There’s plenty of confusion in forums these days about the colour of heavy-duty coolants. Does it indicate anything about the chemical make-up of the coolant, or is it just a brand-to-brand thing?
To clear the air about this confusion and help understand the key requirements to ensuring the optimal health of your engine’s cooling system year in, year out, we went to head chemist and coolant expert, Mike Hudson from Cummins Filtration.
First thing’s first, what does coolant do?
Put simply, the role of coolant is to transfer extreme heat generated by the engine, to the radiator, where it is expelled into the environment.
It is then circulated by the water pump, back to the engine, to repeat the same process over and over again.
Coolant also carries with it additives which prevent corrosion and cavitation of the engine and its components, as well as providing anti-boil and antifreeze properties.
Can I just use any old coolant?
If a quality coolant is not used, the risks to the engine include overheating, corrosion and cavitation. These problems can cause critical damage, leading to expensive repairs and equipment downtime, which consequently leads to lost revenue for your business.
What should we look for in a coolant?
First and foremost, choose a good quality coolant from a reputable brand and check that it has been tested to, and meets, a heavy-duty coolant standard. One such internationally recognised standard is the ASTM D6210, and coolants that meet OEM standards are even better. In terms of the coolant’s properties, it should have good heat transfer abilities and a higher boiling point and lower freezing point than water. It should also prevent corrosion and erosion, resist foaming, be compatible with cooling system component materials, be compatible with hard water, resist sedimentation, and be chemically stable. Other considerations include the life of the coolant and its maintenance requirements.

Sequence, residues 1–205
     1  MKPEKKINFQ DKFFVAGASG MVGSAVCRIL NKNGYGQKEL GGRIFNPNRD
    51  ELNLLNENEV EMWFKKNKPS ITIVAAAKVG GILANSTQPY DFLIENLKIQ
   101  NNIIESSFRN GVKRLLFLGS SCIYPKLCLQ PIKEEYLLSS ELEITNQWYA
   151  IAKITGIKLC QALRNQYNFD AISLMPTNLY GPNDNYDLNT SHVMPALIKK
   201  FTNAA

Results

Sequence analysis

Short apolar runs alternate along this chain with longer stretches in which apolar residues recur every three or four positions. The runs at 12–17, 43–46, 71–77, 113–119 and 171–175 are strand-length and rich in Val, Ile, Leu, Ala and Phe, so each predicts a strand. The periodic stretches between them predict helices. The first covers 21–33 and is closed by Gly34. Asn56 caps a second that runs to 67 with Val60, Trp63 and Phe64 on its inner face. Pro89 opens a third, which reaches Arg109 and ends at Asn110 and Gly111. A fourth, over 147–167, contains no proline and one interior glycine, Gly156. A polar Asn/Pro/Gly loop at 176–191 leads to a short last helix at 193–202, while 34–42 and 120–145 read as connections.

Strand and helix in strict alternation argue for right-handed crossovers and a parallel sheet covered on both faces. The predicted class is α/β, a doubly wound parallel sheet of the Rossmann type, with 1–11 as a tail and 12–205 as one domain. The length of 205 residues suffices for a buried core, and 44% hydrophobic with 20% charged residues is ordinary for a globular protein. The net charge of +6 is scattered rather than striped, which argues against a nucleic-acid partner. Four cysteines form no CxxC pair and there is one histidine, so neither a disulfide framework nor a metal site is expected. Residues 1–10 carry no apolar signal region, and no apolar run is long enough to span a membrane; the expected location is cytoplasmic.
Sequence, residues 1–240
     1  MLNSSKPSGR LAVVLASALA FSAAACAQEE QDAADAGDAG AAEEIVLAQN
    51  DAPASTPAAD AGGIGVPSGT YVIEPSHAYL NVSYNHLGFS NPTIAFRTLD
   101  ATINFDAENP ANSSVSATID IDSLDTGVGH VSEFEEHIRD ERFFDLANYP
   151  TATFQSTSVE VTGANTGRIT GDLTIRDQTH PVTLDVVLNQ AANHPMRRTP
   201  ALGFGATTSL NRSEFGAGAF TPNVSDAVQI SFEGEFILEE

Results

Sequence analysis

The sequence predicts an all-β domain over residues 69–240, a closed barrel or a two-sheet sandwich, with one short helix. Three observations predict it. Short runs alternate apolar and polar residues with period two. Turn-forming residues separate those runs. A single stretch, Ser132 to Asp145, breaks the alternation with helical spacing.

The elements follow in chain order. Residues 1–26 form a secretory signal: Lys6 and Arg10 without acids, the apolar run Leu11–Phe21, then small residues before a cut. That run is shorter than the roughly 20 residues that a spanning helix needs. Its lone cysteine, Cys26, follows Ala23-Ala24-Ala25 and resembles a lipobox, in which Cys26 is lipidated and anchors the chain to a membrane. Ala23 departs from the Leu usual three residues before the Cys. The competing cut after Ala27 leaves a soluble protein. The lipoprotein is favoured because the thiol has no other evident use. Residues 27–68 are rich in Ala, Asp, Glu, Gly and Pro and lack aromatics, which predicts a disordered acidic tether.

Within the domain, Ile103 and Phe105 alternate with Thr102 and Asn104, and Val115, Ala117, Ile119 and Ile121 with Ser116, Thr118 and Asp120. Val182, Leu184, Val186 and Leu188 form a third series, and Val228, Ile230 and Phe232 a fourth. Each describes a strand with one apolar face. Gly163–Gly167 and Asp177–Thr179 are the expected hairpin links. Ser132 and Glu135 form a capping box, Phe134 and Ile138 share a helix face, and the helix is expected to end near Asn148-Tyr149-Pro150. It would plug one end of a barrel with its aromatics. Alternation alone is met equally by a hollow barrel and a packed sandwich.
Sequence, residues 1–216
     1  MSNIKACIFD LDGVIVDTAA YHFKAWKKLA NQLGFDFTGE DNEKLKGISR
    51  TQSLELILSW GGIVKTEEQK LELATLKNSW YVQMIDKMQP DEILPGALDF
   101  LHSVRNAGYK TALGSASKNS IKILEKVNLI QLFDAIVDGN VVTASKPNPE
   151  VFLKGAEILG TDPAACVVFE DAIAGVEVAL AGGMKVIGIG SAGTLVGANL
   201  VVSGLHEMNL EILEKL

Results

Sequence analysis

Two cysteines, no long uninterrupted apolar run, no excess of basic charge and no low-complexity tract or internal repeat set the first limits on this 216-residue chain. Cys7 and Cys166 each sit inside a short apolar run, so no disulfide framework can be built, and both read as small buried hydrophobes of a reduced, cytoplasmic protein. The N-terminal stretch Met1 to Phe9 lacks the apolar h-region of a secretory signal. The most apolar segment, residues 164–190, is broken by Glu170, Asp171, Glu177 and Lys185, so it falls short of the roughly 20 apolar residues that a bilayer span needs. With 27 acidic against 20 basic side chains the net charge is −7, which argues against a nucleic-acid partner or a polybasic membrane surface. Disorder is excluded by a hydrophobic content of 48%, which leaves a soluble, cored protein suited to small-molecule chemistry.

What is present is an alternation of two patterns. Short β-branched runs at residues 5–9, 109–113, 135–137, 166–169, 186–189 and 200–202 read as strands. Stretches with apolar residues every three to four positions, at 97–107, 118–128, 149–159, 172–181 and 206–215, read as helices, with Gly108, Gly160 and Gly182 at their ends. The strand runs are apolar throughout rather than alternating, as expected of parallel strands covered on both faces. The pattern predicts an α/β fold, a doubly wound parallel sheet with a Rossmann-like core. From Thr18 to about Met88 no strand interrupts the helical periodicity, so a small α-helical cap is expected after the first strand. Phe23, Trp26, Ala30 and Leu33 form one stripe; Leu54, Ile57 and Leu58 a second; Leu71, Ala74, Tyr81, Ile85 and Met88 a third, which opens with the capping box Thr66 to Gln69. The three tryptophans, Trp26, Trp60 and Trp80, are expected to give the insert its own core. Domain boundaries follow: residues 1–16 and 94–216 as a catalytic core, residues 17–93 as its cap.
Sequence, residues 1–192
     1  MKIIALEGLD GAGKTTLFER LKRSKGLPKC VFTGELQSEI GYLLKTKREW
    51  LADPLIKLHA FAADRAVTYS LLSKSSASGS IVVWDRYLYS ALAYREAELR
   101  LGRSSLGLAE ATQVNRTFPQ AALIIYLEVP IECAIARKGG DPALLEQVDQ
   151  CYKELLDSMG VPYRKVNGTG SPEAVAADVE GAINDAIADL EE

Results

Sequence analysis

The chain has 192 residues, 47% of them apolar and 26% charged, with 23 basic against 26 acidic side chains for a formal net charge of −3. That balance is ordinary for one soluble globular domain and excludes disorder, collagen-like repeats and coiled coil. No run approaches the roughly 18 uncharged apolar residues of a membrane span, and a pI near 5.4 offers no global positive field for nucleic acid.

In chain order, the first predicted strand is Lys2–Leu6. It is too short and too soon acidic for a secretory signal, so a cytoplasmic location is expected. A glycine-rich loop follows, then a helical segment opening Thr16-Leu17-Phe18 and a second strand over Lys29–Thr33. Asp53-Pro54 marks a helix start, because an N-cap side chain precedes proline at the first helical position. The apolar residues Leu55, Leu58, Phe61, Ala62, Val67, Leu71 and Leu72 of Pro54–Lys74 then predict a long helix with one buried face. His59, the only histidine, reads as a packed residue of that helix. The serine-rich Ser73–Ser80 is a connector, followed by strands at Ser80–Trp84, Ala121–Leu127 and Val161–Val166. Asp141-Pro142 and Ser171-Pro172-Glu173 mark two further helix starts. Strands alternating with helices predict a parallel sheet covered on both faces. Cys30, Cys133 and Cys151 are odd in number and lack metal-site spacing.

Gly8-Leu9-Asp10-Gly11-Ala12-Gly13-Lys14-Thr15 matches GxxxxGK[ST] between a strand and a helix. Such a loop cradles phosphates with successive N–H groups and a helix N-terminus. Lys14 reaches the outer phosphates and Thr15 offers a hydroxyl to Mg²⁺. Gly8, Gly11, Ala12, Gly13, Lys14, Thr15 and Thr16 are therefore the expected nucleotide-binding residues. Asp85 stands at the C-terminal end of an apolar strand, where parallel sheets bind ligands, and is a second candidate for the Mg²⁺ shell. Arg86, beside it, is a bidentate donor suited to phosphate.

Which colour coolant is best?
The truth is the colour doesn’t mean anything!
In days gone by, the colour of coolant was determined by the types of chemicals used to prevent corrosion, meaning once upon a time, you could tell a lot about a coolant by its colour.
Older coolants that used Inorganic Additive Technology (IAT) were usually blue or green in colour. These types would normally have to be changed roughly every two years.
There are also coolants which are a blend of IAT and OAT chemicals, and these were therefore named ‘hybrids’ (HAT) and were typically yellow or green; but not always!
Nowadays, we can’t rely on the colour to tell us about a coolant’s chemistry or performance. Coolant marketers and OEM’s have adopted their own tiered approach to differentiate their products, meaning the colour can no longer be used by consumers as a guideline to a coolant’s properties.
For example, PGPlus, a hybrid, lifetime coolant with 250,000km or 4000 hours service intervals, is dark blue in colour.
And PGPlatinum, an organic, lifetime coolant which requires no service thanks to its superior additive package, is red in colour.
Is there a legal standard for coolant colours?
These days, there’s no legal standard for a coolant manufacturer to use a certain colour, so it’s not easy to know what chemicals are in the coolant just by seeing its colour.
How should coolant be maintained?
Every brand of coolant requires different levels of maintenance. Some coolants, such as Fleetguard’s OAT coolant and PG Platinum are lifetime.
While some coolants are compatible with others, changing the chemical balance in the cooling system can be detrimental to its performance, so mixing different types of coolant is not recommended.
All coolants, no matter the type, colour or brand should be tested twice a year to ensure they are maintaining the correct chemical composition and concentration.
For more information and details of your nearest Cummins representative, click here.